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Playing Bach on the violin

Bach’s superlative works for violin are considered the pinnacle of achievement for any violinist. Both the unaccompanied Partitas and Sonatas and his violin works with keyboard accompaniment require great technical mastery of the instrument alongside a mature musicality. Players who haven’t yet scaled these heights are also keen to access his music and develop their understanding of Baroque playing techniques.

One way to do this is from carefully-written arrangements—playing original pieces from across Bach’s output that have been re-worked for violin and accompaniment at an intermediate level. Re-working music originally written for one set of forces for another instrumentation was common practice in the Baroque era, and there are many examples in the works of Handel, Vivaldi, and Bach. There is speculation that Bach’s famous organ work, the Toccata and Fugue in D minor, may have begun life as a violin piece. Such arrangements can include a range of technical and musical teaching points that provide an invaluable introduction to Baroque style.

Listen to J. S. Bach – Sinfonia in D major: BWV 789, originally for keyboard, which David and I arranged for violin for an earlier anthology.

Crisp and well-articulated bowing is a corner-stone of Baroque style; the two principal types are detaché and martelé — the first a neat detached style, and the second requiring a little more attack or bite (the literal meaning is “hammered”). Lively allegro movements will give ample opportunity to develop these forms of bowing. Faster semiquaver passages in Baroque music often require the player to slur three semiquavers and bow one separately, or indeed the other way around. Organizing their bowing so as not to travel too far towards one end of the bow is an essential skill for players to master.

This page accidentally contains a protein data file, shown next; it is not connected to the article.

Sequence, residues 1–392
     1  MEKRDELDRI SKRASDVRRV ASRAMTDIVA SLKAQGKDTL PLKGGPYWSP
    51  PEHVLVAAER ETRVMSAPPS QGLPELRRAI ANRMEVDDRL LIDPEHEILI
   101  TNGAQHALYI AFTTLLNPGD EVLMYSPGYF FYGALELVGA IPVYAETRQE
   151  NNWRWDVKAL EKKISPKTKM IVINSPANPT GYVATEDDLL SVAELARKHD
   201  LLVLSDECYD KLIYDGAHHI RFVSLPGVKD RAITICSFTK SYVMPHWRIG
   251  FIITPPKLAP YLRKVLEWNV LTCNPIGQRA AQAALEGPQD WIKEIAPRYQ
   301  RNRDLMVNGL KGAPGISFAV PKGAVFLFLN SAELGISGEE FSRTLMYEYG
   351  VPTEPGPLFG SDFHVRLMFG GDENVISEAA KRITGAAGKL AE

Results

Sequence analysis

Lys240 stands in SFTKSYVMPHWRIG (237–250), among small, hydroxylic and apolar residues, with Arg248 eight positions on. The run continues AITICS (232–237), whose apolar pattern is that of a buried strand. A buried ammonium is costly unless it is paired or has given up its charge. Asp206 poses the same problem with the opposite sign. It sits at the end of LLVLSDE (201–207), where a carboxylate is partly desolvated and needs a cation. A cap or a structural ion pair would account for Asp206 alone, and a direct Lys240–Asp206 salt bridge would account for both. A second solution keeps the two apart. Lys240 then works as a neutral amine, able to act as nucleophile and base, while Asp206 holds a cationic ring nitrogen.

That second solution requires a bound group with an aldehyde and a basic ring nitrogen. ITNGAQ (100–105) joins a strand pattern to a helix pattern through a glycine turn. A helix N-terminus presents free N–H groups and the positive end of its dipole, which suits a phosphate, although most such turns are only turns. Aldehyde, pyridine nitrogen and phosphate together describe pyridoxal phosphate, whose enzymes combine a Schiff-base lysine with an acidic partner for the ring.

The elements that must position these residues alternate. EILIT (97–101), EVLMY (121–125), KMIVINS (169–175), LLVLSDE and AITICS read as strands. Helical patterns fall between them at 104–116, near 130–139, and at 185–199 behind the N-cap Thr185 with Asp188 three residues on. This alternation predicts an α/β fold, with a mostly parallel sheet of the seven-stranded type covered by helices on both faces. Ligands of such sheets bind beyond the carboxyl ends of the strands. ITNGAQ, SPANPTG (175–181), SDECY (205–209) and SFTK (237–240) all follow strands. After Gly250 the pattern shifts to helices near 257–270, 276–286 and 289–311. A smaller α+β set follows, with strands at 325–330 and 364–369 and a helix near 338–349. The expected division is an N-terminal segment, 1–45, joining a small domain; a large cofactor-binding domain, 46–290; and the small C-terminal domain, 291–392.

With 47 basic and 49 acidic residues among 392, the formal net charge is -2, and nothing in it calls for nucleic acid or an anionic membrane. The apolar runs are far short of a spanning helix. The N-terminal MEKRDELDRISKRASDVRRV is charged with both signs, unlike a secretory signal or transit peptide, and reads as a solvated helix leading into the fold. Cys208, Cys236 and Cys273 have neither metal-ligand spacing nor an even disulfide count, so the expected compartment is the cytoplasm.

In his cantata movements, Bach was adept at writing obbligato lines perfectly suited to his chosen instrument; there are many examples that exploit the singing tone of the violin, such as in the aria “Auch mit gedämpften, schwachen Stimmen” (“Also with muted weak voices [is God’s majesty honoured]”), from Cantata BWV 36. The violin line appears to be never-ending, and requires a great deal of stamina and good bow control to maintain an evenness of sound. It’s also a wonderful example of string-crossing technique—the right wrist needs to remain flexible throughout, and practising the string-crossing on open strings is useful at first.

Slower movements allow players to shape expressive sustained lines with long controlled bows, and a classic example amongst violin arrangements is the ever-popular Gounod/Bach Ave Maria. This is also an excellent piece to work on finding the right sound points for the bow: the higher passages and varied dynamics need careful planning for the bow in order to achieve the desired effect.

Image credit: Arrangement of Gounod’s “Ave Maria” (Meditation on the First Prelude by J. S. Bach) from Bach for Violin.

In terms of left-hand technique, as the fingerboard was shorter on Baroque violins, much of the music goes no higher than third position, and players at the time often played a good deal in first position. However, arrangements of Baroque pieces, particularly those not originally written for string instruments, can provide opportunities to explore other positions that are often overlooked.

It’s fascinating to remember that, not only did the concept of equal temperament have no meaning in Bach’s time (his “well-tempered” tuning had some variation of the 5ths across the keyboard), but string players don’t necessarily conform to this system anyway! This realization, particularly in unaccompanied movements, offers the player the opportunity to consider aspects of intonation for colour and effect. Would slightly higher thirds in sharp keys brighten the sound and give extra brilliance? Would lower thirds in minor keys establish a darker sound?

Learning dance movements such as minuets and bourrées will build understanding of these forms, while an appreciation of their playing styles—emphasising the first beat of the bar and keeping the upbeats light—will add life and character to any performance. Performing pieces in arrangements for violin and keyboard offers players the chance to develop their ensemble skills, particularly in Bach’s more contrapuntal music where understanding the interplay between the instruments and matching articulation is an important strand of musicianship.

Bach’s music has been a staple for musicians for two centuries or more. Well-crafted arrangements allow this remarkable music to be explored by new groups of players while also teaching them many important aspects of technique and musicianship. It’s hoped such arrangements might also inspire players to continue their musical journey with this exceptional composer.

Featured image credit: Photo by Serge Ka via Shutterstock.

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